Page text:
While most aspects of yawning are still a mystery, it is clear that if you are yawning very often you are likely not getting enough sleep or extremely bored. Though many theories are continuously being developed, no proven function has been identified.


1. WebMD—What’s in a Yawn?

2. Maas, Dr. James B., Megan L. Wherry, David J Axelrod, Barbara R. Hogan, and Jennifer A. Blumin. Power Sleep: The Revolutionary Program That Prepares Your Mind for Peak Performance. New York : Villard, 1998.

3. USA Today—Yawning may cool brain when needed;

Men vs. Women: Battle of the Sleepers

While many might assume that all humans have identical sleeping patterns, men and women have been shown to have different behaviors and reactions in their sleep. Sleep behaviors are very important, especially in observing how your sleep partner and other surroundings affect your sleep. Because of the drastic differences in circadian rhythms, sleep disorder likelihood and uncontrollable sleep behaviors can effect your  and your sleep partner’s overall ability to sleep.

  • Women tend to have significantly more dreams than men.1
  • In elderly individuals, women tend to have more problems related to sleep than men.2
  • Snoring is more common in men than in women. 3
  • Women are two to three times more likely to suffer from insomnia. 2
  • Men are twice as likely as women to have sleep apnea. 2
  • Female smokers tend to experience daytime sleepiness while male smokers are likely to have disturbing dreams. 1
  • The majority of night-eaters are women. 1
  • Men tend to wake up more in the night due to sleep apnea related problems. 3
  • Postmenopausal women have the same rate as men of sleep apnea. 2
  •  On average, women take less time to fall asleep than men. 3
  • During menopause, women are said to lose more sleep (due to hot flashes) that cause irritability and depression. 1
  • Women experience less sleep and more irritability, confusion and depression during the premenstrual stage of the cycle. 1
  • Men often dream about unfamiliar places and people and find themselves outside while women tend to dream of familiar indoor settings, such as their home, dormitory or work, involving familiar people. 4
  • Dreams with aggression are almost equally frequent in males and females. 4
  • Sleep complaints are more common in women. 4
  • Women tend to sleep more on average, but have less deep sleep making them more prone to sleep disorders and nightly disturbances such as a restless sleep partner. 1
  • Women are inclined to fall asleep quicker and wake up earlier as compared to men. 5

Male and female sleep cycles and behaviors are very different, and, when matched with the problems of a sleep partner, can be enhanced. Sleep disorders and simple differences in optimal sleep length can cause sleep partners to have to alter schedules and learn to cope with disruptions brought on by another’s sleep behavioral differences.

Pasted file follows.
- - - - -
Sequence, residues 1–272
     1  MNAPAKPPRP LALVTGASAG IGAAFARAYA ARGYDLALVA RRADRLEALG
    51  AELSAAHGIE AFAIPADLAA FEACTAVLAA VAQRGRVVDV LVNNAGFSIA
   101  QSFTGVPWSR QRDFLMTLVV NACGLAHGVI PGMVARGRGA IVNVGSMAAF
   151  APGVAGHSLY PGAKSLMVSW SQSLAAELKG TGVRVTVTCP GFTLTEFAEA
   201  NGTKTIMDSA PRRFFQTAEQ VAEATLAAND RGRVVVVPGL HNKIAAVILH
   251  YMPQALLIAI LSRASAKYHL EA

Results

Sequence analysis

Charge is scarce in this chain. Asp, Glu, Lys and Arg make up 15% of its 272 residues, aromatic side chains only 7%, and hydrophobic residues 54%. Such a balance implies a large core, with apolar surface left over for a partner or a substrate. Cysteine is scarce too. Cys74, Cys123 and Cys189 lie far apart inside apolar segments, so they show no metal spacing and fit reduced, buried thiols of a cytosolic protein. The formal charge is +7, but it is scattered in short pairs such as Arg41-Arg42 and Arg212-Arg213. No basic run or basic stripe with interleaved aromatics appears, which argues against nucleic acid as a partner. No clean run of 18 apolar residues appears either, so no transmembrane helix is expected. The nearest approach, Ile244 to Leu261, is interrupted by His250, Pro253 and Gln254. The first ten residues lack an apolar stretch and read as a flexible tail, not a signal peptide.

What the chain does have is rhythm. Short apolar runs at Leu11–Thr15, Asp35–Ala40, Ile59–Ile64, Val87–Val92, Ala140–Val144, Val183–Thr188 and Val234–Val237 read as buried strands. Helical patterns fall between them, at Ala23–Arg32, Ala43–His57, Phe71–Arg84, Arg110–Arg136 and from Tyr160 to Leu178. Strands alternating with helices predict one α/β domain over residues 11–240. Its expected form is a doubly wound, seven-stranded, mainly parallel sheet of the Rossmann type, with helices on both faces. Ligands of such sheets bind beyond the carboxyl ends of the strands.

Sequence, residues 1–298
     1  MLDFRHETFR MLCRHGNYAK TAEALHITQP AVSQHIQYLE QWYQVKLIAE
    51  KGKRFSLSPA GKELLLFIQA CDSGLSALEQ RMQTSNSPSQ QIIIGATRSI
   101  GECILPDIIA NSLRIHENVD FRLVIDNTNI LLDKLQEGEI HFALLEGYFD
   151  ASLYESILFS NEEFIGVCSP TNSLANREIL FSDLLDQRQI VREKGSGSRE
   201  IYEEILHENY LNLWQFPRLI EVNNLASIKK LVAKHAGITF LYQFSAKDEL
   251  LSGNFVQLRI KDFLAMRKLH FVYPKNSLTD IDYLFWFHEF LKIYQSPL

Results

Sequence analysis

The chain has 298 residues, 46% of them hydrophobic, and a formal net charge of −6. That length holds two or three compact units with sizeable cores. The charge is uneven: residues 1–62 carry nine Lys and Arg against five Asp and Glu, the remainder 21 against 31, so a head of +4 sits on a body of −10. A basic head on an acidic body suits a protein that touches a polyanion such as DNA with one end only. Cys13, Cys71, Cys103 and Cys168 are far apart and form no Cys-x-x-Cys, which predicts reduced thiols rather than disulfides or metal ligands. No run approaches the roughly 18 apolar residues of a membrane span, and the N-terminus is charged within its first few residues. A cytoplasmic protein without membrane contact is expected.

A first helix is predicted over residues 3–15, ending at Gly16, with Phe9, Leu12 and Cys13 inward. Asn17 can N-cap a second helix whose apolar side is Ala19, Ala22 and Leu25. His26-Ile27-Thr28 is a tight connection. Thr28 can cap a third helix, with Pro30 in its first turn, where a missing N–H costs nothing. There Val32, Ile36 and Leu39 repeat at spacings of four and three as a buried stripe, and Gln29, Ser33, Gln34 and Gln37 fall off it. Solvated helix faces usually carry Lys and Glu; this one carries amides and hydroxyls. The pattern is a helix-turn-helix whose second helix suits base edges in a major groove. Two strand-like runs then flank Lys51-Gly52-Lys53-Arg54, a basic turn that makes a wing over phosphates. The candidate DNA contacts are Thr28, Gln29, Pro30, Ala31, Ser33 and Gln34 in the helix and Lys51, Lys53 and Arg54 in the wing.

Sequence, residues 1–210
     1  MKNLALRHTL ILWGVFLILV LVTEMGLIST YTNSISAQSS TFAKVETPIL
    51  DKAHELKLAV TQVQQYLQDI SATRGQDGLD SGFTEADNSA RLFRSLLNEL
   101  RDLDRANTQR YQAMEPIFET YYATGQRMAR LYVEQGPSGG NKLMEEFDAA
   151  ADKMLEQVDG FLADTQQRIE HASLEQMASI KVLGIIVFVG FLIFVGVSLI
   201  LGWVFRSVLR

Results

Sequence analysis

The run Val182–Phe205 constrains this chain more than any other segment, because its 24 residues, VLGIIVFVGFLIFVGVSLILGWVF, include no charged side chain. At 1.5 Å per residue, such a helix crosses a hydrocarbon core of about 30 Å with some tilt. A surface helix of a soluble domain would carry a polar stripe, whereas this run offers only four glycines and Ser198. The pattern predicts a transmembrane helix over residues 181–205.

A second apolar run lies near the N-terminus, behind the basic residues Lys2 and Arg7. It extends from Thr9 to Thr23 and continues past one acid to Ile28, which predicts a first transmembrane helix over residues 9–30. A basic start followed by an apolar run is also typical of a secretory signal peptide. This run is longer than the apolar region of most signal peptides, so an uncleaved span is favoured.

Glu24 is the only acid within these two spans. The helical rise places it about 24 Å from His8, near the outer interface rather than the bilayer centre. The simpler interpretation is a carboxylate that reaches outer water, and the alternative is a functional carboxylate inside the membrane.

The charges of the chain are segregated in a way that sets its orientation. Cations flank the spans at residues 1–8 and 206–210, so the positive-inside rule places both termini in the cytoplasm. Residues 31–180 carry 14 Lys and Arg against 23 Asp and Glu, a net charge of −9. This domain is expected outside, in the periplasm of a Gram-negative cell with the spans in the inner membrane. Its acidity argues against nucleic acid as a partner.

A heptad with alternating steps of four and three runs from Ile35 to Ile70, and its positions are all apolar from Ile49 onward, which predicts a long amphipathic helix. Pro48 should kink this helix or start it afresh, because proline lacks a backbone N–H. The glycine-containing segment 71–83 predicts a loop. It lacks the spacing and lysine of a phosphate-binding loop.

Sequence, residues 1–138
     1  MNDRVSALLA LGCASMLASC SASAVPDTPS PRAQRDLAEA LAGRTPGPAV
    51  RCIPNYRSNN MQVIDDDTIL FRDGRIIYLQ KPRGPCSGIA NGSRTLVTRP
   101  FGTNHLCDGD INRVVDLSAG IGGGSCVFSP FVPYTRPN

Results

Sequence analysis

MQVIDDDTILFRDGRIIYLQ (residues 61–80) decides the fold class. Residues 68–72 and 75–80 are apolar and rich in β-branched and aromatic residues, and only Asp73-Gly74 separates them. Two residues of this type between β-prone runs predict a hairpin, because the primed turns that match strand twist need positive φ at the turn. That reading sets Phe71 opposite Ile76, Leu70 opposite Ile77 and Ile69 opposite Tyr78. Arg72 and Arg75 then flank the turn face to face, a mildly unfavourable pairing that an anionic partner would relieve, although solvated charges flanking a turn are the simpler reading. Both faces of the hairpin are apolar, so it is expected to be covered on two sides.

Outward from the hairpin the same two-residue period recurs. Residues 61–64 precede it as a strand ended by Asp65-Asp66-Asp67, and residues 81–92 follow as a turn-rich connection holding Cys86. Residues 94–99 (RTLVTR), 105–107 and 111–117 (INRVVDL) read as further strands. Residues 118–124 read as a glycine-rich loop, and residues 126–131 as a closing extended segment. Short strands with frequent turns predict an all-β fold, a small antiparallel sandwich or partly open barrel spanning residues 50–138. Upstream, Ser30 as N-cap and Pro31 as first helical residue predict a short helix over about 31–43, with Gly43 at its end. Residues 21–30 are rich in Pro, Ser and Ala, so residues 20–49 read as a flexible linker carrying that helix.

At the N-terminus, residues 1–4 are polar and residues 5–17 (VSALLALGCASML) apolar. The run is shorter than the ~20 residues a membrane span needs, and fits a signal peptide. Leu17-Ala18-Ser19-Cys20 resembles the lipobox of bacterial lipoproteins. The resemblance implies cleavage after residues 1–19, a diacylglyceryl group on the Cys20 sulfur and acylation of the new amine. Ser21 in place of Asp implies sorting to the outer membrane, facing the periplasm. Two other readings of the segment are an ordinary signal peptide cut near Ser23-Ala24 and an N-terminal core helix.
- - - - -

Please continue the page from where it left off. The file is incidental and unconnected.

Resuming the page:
1. Maas, Dr. James B., Megan L. Wherry, David J Axelrod, Barbara R. Hogan, and Jennifer A. Blumin. Power Sleep: The Revolutionary Program That Prepares Your Mind for Peak Performance. New York : Villard, 1998. 174-175

2. WebMD—Men and Women Sleep Differences;

3. Wall Street Journal—A Sleep Battle of the Sexes;

4. Carskadon, Mary A. Encyclopedia of Sleep and Dreaming. New York: Macmillan Pub., 1993.

5. Psychology Today— Michael J. Breus, Ph.D.;

What are dreams?

Everyone has awoken from a frightening dream or rolled out of bed feeling fulfilled because of a dream. Dreams allow individuals to feel as if they are using the time they spend sleeping for entertainment and learning. Dreams have always been an area of interest for many people, but the true origin and substance of dreaming remain a mystery to most.

Dreams, as defined by, are “a succession of images, thoughts, or emotions passing through the mind during sleep.” 1

Dreams occur in all stages of sleep but occur most frequently and vividly in the first stage of REM sleep.2 This stage is the most important in the sleep cycle as it provides a period of restoration and healing for the body and mind.

If an individual gets the recommended eight hours of sleep in a night, they can go through at least 4 stages of REM sleep resulting in hours of dream time, although most dreams are never recalled.2 Many individuals report never remembering dreams when, in actuality, they are simply not placing importance on dreaming.  People tend to recall their dreams about once every few days on average; however, if one is awakened during REM sleep, they can recall their dream 80% of the time.3

It is thought that dreams occur because of the process during REM sleep when the brain synapses are activated and intensive firing of neuronal pathways that hold memories and experiences occurs.2 This stimulation may be what causes dreaming and recall of prior experiences, future goals and a mix of the two.

Some of the most common dreams are those of individuals being chased, pursued, embarrassed, failing at something, or falling. While these types of dreams can all derive from different situations and causes, they all present a frightened sensation to the individual having the dream. Additionally, all dreamers place emphasis on different areas of their lives causing similar dreams to have various meanings to different individuals.3 For instance, more than 80% of college students noted having had dreams of the falling nature. These dreams are thought to originate from feelings of insecurity or fearing loss of emotional balance.3

While the significance of dreams is still unknown, it remains that REM sleep is truly essential to the body and mind’s health and wellness through storage of information and healing that is vital to performance during the daytime.


1. Dream (n.d) On—Retrieved May 24, 2012, from

2. Maas, Dr. James B., Megan L. Wherry, David J Axelrod, Barbara R. Hogan, and Jennifer A. Blumin. Power Sleep: The Revolutionary Program That Prepares Your Mind for Peak Performance. New York : Villard, 1998.

3. Carskadon, Mary A. Encyclopedia of Sleep and Dreaming. New York: Macmillan Pub., 1993.